General Motors is starting its own energy storage business using its Ultium battery packs to power homes and charge cars as well as to feed power back into the grid when needed.
The new business unit, called GM Energy, will consist of Ultium Home, Ultium Commercial and Ultium Charge 360 divisions. Ultium Home and Ultium Commercial will, as their names imply, supply energy storage for homes and businesses, respectively.
Ultium Charge 360 is GM’s existing electric vehicle charging software application that allows drivers to find public chargers for their vehicles. GM Energy will also be involved with hydrogen fuel cells and solar energy products, GM said in its announcement.
Similar to how Tesla builds its Powerwall and Powerpack products, GM’s home and commercial battery packs will rely on the same sort of batteries as those used in the automaker’s electric cars. They will be put into large stationary packs to store energy to reduce the need for electricity during times of peak demand.
They can also provide power during outages and can even send power back to the electrical grid to provide support when power needs might go beyond what the utility, on its own, can provide. Owners will generally have their power bill credited for the amounts sent back to the grid. Tesla has used its energy storage products in this way to create what it calls Virtual Power Plants, that, in theory, could reduce the need for utilities to turn on additional power generators at times of peak need.
The new GM division will also provide software and equipment to use electric vehicles themselves as energy storage devices that, when parked and plugged in, can provide electricity to a home during short power outages. GM Energy will work with California’s Pacific Gas and Electric on a pilot program to test the concept using GM electric vehicles starting in 2023, GM said in the announcement. The Chevrolet Silverado EV pickup will be the first GM vehicle capable of bi-directional charging but others will follow.
Other automakers are also working on so-called bi-directional charging, which allows electric cars to serve as temporary power buffers for homes. Ford Motor Company has said that many Ford F-150 owners used their truck’s Pro Power Onboard function, a feature available on electric and gas-powered versions of the truck, to power their homes after Hurricane Ian hit Florida.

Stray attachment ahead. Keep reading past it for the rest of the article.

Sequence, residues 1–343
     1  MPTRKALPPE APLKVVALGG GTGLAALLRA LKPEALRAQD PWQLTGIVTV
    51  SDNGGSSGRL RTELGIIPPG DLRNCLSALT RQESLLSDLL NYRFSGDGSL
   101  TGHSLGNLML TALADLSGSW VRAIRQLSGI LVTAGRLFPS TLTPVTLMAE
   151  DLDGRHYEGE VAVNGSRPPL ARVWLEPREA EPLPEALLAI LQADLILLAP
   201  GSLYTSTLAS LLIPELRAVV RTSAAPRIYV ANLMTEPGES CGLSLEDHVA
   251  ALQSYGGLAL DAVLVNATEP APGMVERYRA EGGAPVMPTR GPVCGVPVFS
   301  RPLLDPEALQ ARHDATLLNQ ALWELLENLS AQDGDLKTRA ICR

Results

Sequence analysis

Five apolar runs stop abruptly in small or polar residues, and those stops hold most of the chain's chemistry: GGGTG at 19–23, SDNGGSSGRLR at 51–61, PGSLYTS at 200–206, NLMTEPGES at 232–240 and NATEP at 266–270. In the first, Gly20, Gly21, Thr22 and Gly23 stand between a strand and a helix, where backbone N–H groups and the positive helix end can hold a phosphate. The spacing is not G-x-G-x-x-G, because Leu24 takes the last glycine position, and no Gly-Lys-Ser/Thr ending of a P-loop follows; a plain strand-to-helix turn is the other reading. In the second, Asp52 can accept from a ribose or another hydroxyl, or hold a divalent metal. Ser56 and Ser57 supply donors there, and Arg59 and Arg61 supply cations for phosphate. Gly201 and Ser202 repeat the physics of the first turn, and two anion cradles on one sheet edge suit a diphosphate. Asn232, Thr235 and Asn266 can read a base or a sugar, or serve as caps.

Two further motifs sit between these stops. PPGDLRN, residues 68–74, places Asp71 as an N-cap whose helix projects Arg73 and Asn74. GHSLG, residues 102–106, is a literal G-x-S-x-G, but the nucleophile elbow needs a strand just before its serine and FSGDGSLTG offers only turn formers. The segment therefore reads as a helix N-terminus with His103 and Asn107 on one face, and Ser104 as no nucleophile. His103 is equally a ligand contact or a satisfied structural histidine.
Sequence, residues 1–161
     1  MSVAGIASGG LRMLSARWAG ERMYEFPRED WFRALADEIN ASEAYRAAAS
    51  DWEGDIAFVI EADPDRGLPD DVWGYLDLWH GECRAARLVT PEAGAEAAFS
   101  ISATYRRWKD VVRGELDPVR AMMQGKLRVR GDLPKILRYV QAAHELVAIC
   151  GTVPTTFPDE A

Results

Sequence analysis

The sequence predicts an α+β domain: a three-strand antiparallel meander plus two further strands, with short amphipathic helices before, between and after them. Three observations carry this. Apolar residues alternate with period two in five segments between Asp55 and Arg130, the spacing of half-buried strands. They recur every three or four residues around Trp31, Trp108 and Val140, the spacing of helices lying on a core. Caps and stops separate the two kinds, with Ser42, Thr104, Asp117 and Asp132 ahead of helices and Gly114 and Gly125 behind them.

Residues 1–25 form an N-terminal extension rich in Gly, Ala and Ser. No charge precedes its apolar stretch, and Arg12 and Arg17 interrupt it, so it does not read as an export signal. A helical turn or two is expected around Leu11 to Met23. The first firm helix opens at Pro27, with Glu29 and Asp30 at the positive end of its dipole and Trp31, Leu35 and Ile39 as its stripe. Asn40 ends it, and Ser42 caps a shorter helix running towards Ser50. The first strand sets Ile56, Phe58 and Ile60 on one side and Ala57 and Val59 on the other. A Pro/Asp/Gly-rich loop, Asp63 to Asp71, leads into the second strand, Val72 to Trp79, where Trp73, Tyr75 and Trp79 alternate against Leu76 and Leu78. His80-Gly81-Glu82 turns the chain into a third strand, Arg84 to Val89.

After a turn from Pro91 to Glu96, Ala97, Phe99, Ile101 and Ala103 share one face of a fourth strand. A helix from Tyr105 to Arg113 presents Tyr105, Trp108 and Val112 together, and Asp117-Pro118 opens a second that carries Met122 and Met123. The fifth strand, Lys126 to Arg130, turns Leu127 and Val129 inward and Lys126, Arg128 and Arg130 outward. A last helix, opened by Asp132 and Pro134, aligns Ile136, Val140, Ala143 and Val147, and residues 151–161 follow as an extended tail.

GM Energy is also working with several major power companies, according to GM’s announcement. The new subsidiary is also working with solar energy provider SunPower, which will install solar panels on customers’ homes, GM said.
All of these systems will be controlled by software applications that will be released around the end of 2023, said Mark Bole, head of V2X and battery solutions for GM Energy. V2X refers to vehicle-to-home and vehicle-to-grid power flows.
One overall goal of the subsidiary, according to GM, is to help alleviate concerns about possible strains electric vehicles could put on power grids across the nation. Having power storage capabilities could help reduce stresses on the power grids by allowing vehicles to charge with power saved during periods of reduced demand. Having vehicles themselves serve as power storage could also help reduce concerns over short-term power cutbacks and blackouts. Software can also be used to help electric vehicle owners coordinate their charging activity to avoid large spikes in demand.
“We see EVs as being part of the solution,” said Bole.
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